Traveling home is never fun. Besides being a long journey back, the truth is, I hate to leave. There’s never enough time. I want to spend more time getting to know the kids and working with the staff. Maybe that’s not only because the kids are so great, but because in the village every day contains a clear success. It’s awesome watching it happen. It’s moving and emotional and validating. As hard as everyone works, the rewards are huge. I watch as lives change in front of my eyes, and I suppose I’m addicted to that success. Next time, I’m staying longer.
The end of this trip was quite heavy. Our visiting group went to a church which is a memorial site. During the genocide, people were lured to churches as places of safely, and then systematically exterminated. The churches have been preserved so the genocide and the people will not be forgotten. The clothing of the dead is draped on the pews. Bones and skulls are preserved. Coffins line catacomb-like rooms. I had been before, and it was still hard to take. But it seems like the right thing to do to pay my respects each time, somewhere, just like in Israel. Forgetting is not an option.
We then went to the genocide memorial in Kigali. I have been many times. I took that time to reflect on the week, and the past year. Sitting in the sun, in such a spiritual place, I was overcome with emotion. I’m not sure if it was just the events from the past week, or the immense pressure I feel to succeed every day (felt even more intensely in Rwanda) but I kind of lost it. A healing cry, filled with sadness for all that has been lost, especially Anne. I wanted to leave my tears in Israel, but I don’t think I did. Not sure I ever will leave the void of her loss behind me. But maybe that’s a good thing. I never cared about being a success before- it was always private and personal so it didn’t matter, only I was the judge. But this… Is different. There is no other option but success. I am thankful daily for the staff and kids who make it look easy. It’s not. But successful it is.
In the evening we went to family time. Every house has family time several times a week to discuss issues and concerns, successes. It’s a time for reflection and connection for the kids and their brothers or sisters. I went to the Steve Jobs house, a group of senior 6 boys who have grown very close, and who all seem to be completely exceptional. Blaise, our Stand Up singer, Joel, our entrepreneur winner, Bonfils our debate champ and dynamic village time speaker, to name a few. We talked and asked and answered questions. We asked them what had the most impact on them at the village. We got a mix of answers, but many of them said their family, their brothers and sisters. Always nods of agreement. So-and really, I thought this out as clearly as I could while they were speaking- when they were finished I told them that there is a word in Yiddish which means “family” or the family you choose. Mishpuchah. And they are my Mishpuchah and they are each others. I told them this is a real thing, after all, Jews have a word for it. And while I’m amused at the idea that I have introduced Yiddish to these guys, I realize that as poorly versed in Judaism as I am, I have delivered some kind of Jewish message or connection each time I’m with the kids. And it is intentional. For Anne. This connection was so important to her. I may not be the best Jewish scholar but I’ll continue to try my best. Points of connection to the Jewish world for these kids is critical for making friends and creating understanding between cultures. I wish I could spend more time here teaching those things. Maybe next year I’ll teach the the word, schlep?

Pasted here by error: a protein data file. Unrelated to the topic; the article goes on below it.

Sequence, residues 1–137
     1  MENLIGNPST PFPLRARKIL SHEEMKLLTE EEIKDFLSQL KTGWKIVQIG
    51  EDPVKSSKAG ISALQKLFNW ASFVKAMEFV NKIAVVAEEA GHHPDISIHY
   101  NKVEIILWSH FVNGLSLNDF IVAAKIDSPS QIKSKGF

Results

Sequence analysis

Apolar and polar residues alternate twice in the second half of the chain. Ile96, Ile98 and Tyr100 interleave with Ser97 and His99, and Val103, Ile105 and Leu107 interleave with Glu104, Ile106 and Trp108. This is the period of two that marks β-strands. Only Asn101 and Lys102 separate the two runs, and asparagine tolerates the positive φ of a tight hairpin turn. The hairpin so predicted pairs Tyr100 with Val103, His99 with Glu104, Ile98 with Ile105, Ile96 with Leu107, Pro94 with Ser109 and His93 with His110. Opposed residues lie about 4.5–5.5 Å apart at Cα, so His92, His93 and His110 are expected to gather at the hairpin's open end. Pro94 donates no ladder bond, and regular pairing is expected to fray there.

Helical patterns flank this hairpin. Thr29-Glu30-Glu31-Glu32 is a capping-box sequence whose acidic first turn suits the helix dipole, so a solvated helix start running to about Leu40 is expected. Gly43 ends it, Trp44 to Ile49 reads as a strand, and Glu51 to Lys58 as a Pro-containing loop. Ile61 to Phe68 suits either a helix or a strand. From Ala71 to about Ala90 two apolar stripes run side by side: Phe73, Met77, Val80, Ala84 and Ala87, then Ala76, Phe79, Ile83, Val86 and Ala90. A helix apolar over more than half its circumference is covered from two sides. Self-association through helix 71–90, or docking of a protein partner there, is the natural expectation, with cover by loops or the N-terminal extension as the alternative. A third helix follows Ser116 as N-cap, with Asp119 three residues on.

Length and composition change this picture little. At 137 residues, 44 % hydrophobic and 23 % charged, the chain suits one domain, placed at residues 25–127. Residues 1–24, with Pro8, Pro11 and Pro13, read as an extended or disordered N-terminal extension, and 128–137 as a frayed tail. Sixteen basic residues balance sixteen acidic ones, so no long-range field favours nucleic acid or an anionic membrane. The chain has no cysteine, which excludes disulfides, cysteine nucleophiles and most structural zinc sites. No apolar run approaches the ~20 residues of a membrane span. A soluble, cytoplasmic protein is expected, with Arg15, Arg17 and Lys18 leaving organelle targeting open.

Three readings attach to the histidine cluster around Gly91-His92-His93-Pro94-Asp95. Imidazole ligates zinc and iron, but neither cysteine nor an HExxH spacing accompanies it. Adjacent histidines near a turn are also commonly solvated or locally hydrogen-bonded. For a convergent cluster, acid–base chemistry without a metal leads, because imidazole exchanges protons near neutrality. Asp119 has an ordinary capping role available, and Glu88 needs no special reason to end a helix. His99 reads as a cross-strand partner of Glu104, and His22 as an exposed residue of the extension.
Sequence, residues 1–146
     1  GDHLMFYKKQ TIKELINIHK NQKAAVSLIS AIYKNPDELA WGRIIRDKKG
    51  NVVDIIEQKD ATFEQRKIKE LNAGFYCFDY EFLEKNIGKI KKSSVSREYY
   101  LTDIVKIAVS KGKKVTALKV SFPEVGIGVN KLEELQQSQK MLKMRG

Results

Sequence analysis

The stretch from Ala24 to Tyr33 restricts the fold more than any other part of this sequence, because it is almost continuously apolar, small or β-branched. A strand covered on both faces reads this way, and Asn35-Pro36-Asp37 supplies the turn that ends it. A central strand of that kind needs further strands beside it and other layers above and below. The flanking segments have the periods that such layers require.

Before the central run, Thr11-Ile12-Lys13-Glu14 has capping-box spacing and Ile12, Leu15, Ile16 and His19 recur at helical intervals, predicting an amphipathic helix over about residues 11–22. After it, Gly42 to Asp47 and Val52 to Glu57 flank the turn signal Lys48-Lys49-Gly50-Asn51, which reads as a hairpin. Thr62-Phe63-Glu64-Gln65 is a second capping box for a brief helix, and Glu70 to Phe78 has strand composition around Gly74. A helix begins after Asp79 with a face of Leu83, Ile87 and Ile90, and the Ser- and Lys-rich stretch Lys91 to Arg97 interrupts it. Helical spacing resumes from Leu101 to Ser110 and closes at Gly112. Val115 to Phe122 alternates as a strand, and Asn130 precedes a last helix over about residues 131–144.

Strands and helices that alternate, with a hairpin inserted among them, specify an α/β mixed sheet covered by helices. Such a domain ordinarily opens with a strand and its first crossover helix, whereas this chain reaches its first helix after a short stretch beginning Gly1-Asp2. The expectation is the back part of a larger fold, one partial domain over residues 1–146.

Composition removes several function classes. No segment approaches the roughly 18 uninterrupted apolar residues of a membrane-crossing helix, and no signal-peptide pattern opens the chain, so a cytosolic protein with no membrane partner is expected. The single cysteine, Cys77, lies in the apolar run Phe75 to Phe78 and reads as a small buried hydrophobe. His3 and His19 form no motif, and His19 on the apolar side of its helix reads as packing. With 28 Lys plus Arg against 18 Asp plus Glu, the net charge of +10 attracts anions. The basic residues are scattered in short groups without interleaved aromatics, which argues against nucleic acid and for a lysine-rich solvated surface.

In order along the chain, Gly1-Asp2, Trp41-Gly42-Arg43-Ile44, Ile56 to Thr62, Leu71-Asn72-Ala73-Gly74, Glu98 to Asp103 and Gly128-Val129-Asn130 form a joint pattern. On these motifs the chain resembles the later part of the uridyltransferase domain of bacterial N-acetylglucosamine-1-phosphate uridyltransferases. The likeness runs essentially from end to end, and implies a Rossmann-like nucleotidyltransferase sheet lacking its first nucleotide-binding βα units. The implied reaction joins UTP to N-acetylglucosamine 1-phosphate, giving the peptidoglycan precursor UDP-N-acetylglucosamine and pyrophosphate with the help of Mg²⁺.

Monday I met with our wonderful fellows, who have been in the village for 3 weeks and are already a critical part of village life. They are “cousins” for each house of new kids, and it is a hard transition time. But they are a fantastic group, and seem to have embraced their roles as leaders and family. I also had the opportunity to meet with JC. JC has become one of the most dynamic leaders in his role as director. He has become the face of the village. The kids adore him, and he has created a hard working and fun loving team in his staff. I could not ask for a more thoughtful and caring partner to more forward on this journey. He is a wonderful “papa” for this village. Everything, everyone, is in place. And as it should be.
Now, being home, I realize how much of my heart and soul is in that village. Not a day goes by that I do not think of them all, worry, and try to make things better. I have a lot of money to raise, a lot of time to commit. And, thankfully, a lot of love to give. You get what you give. I am lucky. I got Mishpuchah in Rwanda.